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Beverley Minster

 

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Other Information

  • Beverley Minster had a central tower, this however collapsed back in the 13th century and was never rebuilt with the remains instead turned into a lantern tower.
  • During the reformation the chapter house was the only part destroyed thanks to the central role of the minster as the main church in the town.
  • In 1710 the North Transcept gable was stabilised and prevented from collapse by engineers who erected wooden scaffolding and then with the help of much manpower, jacked it up until it reached vertical again. Further work was then carried out on the lantern tower which was removed and replaced with a lead roof.
  • It was sometime after this that the two dominant west towers formed the inspiration for Hawksmoor's rebuilding of Westminster Abbey with its remodelled west front. This architecture is typical throughout East and North Yorkshire in a number of other churches including Bridlington Priory, another gothic building with a strong west front and no central tower.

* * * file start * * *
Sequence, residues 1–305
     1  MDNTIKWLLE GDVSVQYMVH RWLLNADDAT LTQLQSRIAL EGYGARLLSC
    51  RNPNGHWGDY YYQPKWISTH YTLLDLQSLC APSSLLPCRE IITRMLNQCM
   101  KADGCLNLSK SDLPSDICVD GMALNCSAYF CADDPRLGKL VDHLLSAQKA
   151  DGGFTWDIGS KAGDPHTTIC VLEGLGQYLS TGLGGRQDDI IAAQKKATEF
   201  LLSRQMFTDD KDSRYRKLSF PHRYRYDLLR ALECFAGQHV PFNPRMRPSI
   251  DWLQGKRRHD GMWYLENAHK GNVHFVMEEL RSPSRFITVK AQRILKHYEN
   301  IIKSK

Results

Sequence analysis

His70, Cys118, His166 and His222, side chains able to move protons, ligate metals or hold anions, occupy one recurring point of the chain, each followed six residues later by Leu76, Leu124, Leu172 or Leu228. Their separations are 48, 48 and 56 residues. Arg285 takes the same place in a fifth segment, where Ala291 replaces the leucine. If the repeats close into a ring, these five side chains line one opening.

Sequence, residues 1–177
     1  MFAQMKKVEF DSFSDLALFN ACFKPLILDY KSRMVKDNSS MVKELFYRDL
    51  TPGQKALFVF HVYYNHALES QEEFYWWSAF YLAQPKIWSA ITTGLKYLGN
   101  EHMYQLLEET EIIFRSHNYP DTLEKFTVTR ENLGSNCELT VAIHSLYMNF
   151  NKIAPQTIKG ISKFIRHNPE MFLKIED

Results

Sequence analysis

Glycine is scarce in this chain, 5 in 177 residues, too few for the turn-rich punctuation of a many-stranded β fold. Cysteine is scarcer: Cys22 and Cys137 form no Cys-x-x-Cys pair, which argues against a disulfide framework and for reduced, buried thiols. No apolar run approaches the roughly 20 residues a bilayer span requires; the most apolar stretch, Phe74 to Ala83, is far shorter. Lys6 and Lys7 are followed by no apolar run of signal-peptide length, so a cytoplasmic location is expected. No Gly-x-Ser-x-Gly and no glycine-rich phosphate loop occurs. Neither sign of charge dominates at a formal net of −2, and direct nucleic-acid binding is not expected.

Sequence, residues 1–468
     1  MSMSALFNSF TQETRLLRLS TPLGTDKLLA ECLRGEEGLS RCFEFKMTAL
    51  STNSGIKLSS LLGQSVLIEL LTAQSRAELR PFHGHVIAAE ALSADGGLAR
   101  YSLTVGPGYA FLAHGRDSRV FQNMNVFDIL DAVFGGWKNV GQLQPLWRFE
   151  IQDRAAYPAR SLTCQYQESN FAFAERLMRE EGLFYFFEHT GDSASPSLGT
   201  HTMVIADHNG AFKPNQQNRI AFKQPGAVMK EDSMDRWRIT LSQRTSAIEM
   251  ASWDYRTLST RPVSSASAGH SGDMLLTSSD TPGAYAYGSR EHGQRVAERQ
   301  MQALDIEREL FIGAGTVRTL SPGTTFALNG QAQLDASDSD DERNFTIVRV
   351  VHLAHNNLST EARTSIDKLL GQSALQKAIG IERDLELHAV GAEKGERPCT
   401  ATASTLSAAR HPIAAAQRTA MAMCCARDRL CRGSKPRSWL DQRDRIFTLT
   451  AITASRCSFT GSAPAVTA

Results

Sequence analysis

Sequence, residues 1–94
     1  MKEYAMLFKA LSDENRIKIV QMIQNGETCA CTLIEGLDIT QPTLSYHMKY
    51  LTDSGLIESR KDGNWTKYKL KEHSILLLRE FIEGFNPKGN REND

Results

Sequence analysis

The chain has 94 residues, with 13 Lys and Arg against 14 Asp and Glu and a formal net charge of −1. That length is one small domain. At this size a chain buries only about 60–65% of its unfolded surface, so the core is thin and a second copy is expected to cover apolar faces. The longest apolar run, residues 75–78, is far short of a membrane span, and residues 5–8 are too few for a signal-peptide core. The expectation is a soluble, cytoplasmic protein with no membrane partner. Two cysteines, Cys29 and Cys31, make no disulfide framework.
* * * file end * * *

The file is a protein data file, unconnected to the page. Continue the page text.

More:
• The East Window is a collection of medieval glass blown out in storms that was collected and then erected in 1725. Those windows affected are noticeable by their lack of stained glass and the plain glazing used in its place.

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Reference Data

Reference No.
4336
First Uploaded
19-02-2006
Last Editorial Date
24-05-2010
 

Building Location

Address
Minster Yard North, Beverley. HU17
Council
East Riding of Yorkshire Council
County
East Yorkshire
Region
Yorkshire and Humber
Country
United Kingdom

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Building Specification

Status
Complete
Construction start date
1220
Completion date
1420
Heritage Status
Grade I
Style
Gothic

Roof Height (AGL)
49.68

Market Data

Primary Use
Place of Worship

Floorspace (sq m)
2,772.13

Metres > Feet